In the beginning, God creates man, an abstraction of himself. Then Michelangelo creates an abstraction of God (and a lot of other Biblical superstars) by depicting Him in the act of creation, even as he (the painter) is also abstracting representations of the Creator’s creatures. Centuries later, art historians take selective pictures of Michelangelo’s massive abstractions on the ceiling of the Sistine Chapel, abstracting them further by using selected excerpts as book illustrations. Inspired by those books, curators in Manhattan create an exhibit honoring Michelangelo’s ceiling by reproducing it as a miniature, assembling a replica composed of dozens of backlit transparencies suspended over guests at the Metropolitan museum in an artificial abstraction of the original Sistine frescoes. Finally, using a selective-focus art lens in 2017, I abstract those same guests to blobby smears of color and make editorial choices about which single panel in the faux-ceiling exhibit to shoot in sharp focus, thus hinting that it’s somehow more important than all the others.
Photographs snatch away parts of the real. To use a camera is to abstract that reality. Every snap of the shutter is a calculation of choice. Therefore choose wisely.
By MICHAEL PERKINS
IT’S HARD TO ATTRACT ATTENTION IN HOLLYWOOD, a town that shouts in five dimensions, a million colors, and four thousand decibels about almost everything. Here, in the town that hype calls home, design always swings for the fences, and Subtle Is For Sissies. Small wonder, then, that photographers, who typically love to play top this with their peers, find that Tinseltown and greater L.A. are already at gold medal status in playing the very same game. I’ll see your weird, and raise you two weirders.
As a street shooter in Hollywood/L.A., you routinely witness the bizarre being passed off as the normal. As a consequence, the very act of visually commenting on this mad sensual overdose can make even your most prosaic shots seem like a trip through the looking glass. Words like stately, venerable, or traditional seem oddly out of place in the town that invented fourteen-story billboards and the Walk of Fame. Using a camera to say something new about it all can be a fool’s errand, or at least, a mental obstacle course.
Whenever I visit Los Angeles, I am constantly looking for some kind of reversal pattern, a way to treat the most outrageous visual artifacts on their heads. I don’t always succeed. I did, however, have fun trying, recently, to come up with a new way of seeing a very strange building, the Peterson Automotive Museum, located at the intersection of Wilshire Boulevard and Fairfax Avenue, the outside of which has undergone a very radical facelift in recent years. From afar, the building seems to be a wild, untethered series of curves and swoops, a mobius strip of red and steel spaghetti floating in space in an abstract suggestion of motion. It’s a stunning bit of sculpture that actually is a wrap-around of the original, far more conventionally-shaped museum building beneath it.
And, as it turns out, that’s the way to reverse-engineer a photo of the museum, since it’s possible to walk behind the swirly facade and into a shadow-and-color-saturated buffer space that exists between it and the underlying structure. From inside said space you can view the outer bands as a peekaboo grid through which you can view neighboring buildings and local traffic, rather like looking between the slats of some big psychedelic set of venetian blinds. And that’s where I stood when taking the above shot with a Lensbaby Composer Pro lens with a fisheye optic, the aperture set at about f/5.6 to render the whole thing somewhat soft and dreamy. I’ll see your two weirders and raise you one bizarre.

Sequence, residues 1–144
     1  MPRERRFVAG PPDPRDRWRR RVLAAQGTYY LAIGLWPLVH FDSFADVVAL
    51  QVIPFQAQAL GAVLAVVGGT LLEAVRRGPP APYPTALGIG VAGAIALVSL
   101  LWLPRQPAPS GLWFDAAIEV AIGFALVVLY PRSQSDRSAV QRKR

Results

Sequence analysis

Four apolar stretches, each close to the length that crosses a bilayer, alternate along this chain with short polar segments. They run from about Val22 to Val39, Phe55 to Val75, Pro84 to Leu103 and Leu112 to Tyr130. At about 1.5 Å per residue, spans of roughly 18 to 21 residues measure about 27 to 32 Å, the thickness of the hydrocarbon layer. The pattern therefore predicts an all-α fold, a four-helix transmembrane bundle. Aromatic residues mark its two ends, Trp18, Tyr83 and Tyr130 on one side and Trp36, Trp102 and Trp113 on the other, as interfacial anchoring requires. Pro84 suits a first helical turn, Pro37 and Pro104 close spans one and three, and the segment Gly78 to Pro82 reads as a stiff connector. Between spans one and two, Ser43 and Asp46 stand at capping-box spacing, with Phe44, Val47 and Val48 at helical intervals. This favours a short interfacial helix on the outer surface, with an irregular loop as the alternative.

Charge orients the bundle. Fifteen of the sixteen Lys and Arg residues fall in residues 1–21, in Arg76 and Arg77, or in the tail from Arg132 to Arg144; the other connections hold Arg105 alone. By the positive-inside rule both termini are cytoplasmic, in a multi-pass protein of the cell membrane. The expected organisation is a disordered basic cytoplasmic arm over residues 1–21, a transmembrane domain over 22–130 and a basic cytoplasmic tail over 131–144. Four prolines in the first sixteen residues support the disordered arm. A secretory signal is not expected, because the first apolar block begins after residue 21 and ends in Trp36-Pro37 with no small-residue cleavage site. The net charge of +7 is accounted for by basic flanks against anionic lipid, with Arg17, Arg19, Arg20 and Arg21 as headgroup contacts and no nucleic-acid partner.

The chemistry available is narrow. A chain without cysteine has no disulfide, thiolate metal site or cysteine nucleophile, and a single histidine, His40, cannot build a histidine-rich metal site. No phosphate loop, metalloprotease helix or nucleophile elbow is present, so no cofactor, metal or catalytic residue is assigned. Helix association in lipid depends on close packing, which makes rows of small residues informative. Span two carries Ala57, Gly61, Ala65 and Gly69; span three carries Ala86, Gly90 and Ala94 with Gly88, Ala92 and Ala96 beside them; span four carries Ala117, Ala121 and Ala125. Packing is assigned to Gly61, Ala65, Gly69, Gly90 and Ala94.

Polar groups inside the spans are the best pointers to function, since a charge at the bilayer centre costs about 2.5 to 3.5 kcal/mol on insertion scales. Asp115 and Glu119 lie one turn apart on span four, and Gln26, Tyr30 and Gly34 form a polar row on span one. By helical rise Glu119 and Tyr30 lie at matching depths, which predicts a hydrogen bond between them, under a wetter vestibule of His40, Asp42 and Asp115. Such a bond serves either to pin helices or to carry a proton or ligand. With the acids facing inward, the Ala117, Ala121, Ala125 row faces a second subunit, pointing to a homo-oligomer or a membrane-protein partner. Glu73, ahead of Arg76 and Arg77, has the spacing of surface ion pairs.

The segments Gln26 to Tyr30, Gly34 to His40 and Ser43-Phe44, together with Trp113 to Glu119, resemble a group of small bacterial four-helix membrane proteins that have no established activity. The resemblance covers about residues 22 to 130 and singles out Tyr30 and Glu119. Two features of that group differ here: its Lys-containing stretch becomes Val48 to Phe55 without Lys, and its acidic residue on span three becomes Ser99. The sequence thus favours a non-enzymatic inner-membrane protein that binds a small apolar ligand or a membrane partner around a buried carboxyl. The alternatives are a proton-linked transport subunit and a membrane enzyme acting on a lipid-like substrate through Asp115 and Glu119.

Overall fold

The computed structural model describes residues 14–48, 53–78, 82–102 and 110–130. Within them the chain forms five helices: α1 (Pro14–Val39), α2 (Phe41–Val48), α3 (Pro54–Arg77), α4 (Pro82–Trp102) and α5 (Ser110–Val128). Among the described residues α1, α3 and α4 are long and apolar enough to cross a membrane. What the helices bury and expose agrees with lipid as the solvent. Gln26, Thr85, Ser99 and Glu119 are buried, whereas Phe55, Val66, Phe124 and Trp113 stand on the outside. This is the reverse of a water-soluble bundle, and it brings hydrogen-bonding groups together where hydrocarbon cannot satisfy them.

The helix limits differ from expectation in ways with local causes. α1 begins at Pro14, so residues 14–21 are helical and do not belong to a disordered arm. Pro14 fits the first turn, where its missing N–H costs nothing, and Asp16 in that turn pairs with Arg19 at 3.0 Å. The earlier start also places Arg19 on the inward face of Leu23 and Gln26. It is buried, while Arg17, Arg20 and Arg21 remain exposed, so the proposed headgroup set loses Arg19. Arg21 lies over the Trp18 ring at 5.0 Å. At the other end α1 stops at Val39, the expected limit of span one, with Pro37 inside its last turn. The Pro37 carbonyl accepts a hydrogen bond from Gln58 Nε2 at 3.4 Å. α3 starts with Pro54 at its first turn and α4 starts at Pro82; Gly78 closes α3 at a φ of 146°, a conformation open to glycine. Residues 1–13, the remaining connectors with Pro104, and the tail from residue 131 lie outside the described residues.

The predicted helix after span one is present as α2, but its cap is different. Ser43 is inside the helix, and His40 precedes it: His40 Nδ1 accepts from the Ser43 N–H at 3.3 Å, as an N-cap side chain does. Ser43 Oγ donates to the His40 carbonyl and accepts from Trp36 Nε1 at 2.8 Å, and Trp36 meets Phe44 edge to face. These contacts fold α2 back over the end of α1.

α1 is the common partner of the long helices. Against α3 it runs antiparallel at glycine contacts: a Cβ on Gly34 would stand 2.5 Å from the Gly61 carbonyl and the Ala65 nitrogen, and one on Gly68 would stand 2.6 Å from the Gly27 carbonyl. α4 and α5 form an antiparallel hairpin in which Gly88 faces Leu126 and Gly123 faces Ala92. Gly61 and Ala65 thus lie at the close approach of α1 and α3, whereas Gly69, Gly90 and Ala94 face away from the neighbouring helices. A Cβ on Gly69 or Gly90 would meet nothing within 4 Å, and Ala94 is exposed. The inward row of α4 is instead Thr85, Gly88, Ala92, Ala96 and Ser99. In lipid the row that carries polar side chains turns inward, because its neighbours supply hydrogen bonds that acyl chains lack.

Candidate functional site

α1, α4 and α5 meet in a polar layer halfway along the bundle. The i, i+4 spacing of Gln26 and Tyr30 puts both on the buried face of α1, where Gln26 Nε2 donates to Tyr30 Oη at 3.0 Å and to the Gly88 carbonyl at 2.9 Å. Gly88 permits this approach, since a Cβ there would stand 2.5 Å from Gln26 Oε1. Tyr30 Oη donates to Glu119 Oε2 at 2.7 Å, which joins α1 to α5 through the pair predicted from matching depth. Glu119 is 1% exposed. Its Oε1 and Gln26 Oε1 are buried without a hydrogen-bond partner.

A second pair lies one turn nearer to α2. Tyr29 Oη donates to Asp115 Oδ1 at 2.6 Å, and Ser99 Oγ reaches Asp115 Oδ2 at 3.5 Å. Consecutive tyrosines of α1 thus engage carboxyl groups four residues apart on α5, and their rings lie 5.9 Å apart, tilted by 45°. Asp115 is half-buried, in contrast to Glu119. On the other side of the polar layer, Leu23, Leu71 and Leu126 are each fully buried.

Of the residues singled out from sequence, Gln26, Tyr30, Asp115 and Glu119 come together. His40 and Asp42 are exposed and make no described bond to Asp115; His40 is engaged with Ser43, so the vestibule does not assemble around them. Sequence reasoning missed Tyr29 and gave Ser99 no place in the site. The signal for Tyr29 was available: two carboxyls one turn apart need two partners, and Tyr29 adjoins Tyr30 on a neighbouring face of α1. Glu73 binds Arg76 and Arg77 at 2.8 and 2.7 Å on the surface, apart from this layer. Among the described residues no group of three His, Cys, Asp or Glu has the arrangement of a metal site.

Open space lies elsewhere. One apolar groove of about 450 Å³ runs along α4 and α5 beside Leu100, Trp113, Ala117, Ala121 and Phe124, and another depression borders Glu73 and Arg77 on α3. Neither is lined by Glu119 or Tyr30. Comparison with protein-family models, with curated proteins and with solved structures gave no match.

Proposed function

By MICHAEL PERKINS
MANY OF THE APPS BEING PEDDLED as post-production fixes for mobile photographs are one-trick ponies, limited in their range. This is less so than it once was, with new apps adding progressively more features, but there are still tons of single-purpose processes out there, gobbling up phone storage with apps that perform one task well. Want a second task? Download another app.
The fun part for me is to discover that, while a given app may have been created to solve a particular problem, it can also be used creatively to do something completely different. Take the example of the now-cliched creation of so-called “small planet” pictures, in which a standard landscape is spiraled into a ball shape, with its various tree and buildings now looking like features on a self-contained world, rather like the illustrations in The Little Prince. This process was once a somewhat complicated one, but, like almost everything else in the digital world, it’s been shorthanded to a few clicks and sliders in apps like Rollworld, which is not only cheap but insanely simple to use.
If you approach the use of such a specialized app in the simplest way, you’ll produce your five or ten little planet images (see photo at upper left corner), get the novelty boiled out of your blood, and then move on to something newer and shinier. However, Rollworld and programs like it can be a nice creative tool beyond their most obvious trick. The various sliders in RW let you not only roll your original linear image but control how it rolls, allowing a kind of folding-in, folding-out distortion. You can thus completely abstract even the most mundane cityscape into a symmetric pattern of textures, maximizing small things or relegating prominent features to the background. Other Rollworld sliders allow you to determine the tightness or looseness of the roll, to control the angle of the pitch, even swipe features from one part of the image across parts of the others to mirror or multiply specific items into a better symmetry. Call it Kaleidoscope-in-a-box.